Net Zero means making one million UK homes carbon neutral every year between now and 2050. We need to decarbonise heating by electrifying it, and improve energy efficiency in buildings.
Taking carbon out of our heating is one of the most challenging parts of reaching Net Zero. Since 2008, when the Climate Change Act was passed in the UK, there’s been little movement on this. Only 7% of UK heat currently comes from renewable sources. To get there, we’ll need to electrify most of our heating. Plus, the CCC recognise green gas and hydrogen have useful potential to meet the heating demand that electrified heating can’t meet. Doing this is expected to require half the total costs of getting to Net Zero.
Bulb will soon start helping its members improve the energy efficiency of their homes. We’ll do this through the government’s energy efficiency scheme, the Energy Companies Obligation (ECO). Through ECO, we’ll offer members products or services to help save on bills and reduce emissions, with things like new insulation.
Net Zero will only be achievable if we can remove carbon from the atmosphere, on top of reducing the amount we produce.
Emissions that cannot be eliminated must be matched by removing the same amount of carbon from the atmosphere. This will be achieved by planting trees, which absorb and store carbon, as well as by Carbon Capture and Storage (CCS), capturing carbon emissions from industrial processes and storing in the ground. Both result in negative emissions, and both remain important tools in delivering Net Zero. CCS is yet to get started in the UK, but there are 43 large-scale projects around the world. Deploying CCS quickly is crucial to achieving Net Zero.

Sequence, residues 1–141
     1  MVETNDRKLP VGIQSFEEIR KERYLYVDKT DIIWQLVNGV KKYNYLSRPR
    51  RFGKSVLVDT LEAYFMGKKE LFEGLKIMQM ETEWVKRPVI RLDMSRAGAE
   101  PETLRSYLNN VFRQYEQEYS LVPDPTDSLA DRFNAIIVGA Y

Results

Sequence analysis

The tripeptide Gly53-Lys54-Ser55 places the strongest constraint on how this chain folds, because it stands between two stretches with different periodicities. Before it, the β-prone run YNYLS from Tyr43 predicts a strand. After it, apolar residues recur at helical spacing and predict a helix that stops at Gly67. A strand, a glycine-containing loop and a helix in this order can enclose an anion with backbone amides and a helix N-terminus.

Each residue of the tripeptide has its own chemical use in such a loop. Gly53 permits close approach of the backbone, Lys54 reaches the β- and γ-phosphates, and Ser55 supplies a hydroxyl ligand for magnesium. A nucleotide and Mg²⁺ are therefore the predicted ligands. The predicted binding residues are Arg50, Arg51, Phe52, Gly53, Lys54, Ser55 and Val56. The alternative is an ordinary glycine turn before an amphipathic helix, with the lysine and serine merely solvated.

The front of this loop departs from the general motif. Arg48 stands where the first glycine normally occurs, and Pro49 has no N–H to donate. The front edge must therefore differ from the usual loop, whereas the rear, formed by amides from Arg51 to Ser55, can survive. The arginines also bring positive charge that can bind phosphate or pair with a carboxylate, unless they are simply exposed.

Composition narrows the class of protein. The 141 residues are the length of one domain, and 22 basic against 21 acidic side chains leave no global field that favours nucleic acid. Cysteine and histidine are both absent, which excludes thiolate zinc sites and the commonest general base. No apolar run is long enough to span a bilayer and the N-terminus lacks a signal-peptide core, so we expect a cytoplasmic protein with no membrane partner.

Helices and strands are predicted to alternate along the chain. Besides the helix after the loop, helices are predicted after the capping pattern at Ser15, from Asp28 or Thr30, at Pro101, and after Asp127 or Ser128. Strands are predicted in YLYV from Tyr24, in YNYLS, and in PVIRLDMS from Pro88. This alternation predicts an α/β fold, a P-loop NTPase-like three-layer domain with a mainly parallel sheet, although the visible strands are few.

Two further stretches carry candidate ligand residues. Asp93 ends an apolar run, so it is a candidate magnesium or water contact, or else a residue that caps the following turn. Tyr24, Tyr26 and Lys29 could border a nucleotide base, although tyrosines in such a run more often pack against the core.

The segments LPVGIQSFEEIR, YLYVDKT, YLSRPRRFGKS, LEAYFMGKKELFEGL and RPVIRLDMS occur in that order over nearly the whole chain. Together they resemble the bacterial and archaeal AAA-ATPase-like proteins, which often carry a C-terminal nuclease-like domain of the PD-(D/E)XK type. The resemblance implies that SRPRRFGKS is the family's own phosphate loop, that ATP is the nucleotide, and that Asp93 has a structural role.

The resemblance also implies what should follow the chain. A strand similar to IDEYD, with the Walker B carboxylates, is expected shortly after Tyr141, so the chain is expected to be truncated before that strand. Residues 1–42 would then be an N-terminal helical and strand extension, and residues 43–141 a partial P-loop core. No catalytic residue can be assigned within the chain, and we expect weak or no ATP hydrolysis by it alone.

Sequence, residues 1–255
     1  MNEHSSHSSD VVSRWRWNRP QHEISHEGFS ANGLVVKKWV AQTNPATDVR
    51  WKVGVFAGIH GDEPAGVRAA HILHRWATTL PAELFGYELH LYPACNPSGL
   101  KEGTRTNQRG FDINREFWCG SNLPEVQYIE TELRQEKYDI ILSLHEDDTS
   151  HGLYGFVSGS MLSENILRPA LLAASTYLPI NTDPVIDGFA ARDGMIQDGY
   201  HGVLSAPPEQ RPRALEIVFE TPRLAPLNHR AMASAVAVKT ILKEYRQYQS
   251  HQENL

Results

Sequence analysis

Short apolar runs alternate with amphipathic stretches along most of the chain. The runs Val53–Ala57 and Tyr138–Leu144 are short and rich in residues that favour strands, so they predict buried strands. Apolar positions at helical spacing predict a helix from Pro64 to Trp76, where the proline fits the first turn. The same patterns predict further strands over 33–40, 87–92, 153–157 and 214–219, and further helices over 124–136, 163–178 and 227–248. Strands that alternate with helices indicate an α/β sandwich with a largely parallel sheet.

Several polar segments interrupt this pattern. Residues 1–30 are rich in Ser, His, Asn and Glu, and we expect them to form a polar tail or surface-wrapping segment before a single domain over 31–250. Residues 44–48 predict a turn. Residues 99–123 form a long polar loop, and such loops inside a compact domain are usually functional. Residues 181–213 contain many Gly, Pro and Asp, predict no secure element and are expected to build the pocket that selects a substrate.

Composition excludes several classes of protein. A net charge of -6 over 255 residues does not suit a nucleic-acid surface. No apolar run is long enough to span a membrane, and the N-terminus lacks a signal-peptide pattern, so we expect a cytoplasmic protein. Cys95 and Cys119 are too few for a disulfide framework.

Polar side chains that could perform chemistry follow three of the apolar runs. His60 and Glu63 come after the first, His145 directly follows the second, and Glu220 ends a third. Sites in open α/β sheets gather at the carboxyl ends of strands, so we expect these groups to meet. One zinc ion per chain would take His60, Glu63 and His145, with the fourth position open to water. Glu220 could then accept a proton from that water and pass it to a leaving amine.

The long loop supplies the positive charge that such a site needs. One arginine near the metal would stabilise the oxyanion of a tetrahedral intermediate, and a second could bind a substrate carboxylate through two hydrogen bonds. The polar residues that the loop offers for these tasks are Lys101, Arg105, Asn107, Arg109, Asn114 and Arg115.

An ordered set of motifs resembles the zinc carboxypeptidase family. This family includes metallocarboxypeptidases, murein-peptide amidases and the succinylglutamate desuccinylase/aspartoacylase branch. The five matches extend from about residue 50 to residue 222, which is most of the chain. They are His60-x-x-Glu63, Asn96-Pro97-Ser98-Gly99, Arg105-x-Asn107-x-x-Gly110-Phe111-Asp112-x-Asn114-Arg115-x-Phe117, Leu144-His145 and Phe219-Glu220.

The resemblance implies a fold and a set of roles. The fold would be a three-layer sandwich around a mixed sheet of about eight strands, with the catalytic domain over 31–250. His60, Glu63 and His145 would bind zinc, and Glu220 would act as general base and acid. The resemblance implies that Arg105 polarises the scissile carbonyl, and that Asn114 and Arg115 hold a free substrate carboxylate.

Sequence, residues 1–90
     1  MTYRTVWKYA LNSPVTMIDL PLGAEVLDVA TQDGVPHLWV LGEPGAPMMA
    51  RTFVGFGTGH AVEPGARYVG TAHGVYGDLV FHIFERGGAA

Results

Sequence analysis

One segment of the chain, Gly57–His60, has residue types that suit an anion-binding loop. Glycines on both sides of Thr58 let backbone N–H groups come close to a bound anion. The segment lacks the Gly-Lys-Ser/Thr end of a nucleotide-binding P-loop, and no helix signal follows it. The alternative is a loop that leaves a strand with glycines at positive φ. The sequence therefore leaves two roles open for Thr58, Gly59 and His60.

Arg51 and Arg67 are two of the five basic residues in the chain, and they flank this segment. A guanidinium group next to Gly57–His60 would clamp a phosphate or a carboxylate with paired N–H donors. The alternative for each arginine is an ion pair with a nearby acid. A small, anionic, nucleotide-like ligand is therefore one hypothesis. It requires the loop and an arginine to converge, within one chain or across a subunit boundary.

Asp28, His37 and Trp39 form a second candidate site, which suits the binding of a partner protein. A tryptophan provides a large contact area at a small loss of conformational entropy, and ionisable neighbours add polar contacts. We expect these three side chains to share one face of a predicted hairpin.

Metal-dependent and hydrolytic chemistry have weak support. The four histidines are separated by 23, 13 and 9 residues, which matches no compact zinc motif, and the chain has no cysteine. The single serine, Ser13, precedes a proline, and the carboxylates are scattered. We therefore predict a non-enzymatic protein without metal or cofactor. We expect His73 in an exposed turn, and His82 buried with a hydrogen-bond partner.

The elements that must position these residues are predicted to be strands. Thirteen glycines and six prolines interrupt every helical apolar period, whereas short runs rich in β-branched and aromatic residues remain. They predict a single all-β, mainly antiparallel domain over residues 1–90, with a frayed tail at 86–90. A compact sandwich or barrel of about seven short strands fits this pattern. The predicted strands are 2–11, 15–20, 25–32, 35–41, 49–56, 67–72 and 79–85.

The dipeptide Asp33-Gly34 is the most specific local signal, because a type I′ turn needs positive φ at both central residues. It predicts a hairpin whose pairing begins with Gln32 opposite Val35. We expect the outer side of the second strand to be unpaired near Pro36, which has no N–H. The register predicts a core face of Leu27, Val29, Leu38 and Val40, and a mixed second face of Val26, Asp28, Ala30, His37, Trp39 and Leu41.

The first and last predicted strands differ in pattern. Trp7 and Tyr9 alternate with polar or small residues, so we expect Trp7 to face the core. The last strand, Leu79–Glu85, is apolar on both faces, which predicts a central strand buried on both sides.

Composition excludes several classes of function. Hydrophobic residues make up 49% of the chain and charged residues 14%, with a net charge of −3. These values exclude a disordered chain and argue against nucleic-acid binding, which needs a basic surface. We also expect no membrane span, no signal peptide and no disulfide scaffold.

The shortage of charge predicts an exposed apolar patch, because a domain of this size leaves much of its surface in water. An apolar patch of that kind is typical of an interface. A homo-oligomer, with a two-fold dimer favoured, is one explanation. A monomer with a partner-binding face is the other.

Actions you can take to help
In their report, the CCC highlight some lifestyle changes we can all make to help the UK reach Net Zero. We’ve included the simple, universal actions they recommend here but you can read the full list in the CCC report.
Walk or cycle if you can
Take public transport instead of driving
Take as few flights as possible
Consider getting an electric vehicle
Use LED light bulbs
Buy appliances with high efficiency ratings
Set your thermostat no higher than 19°C
Food and waste
Eat less meat and dairy
Eliminate food waste as much as possible
Reduce, reuse and recycle your other waste
Buy good quality products that will last
Share things that you don't use frequently, rather than buying your own
Switching to a renewable supplier like Bulb is another simple way to help the UK reach Net Zero. We're proud to offer 100% carbon neutral energy. Currently, we achieve this by supplying 100% renewable electricity, 10% green gas and we offset the rest by working with carbon reduction projects around the world.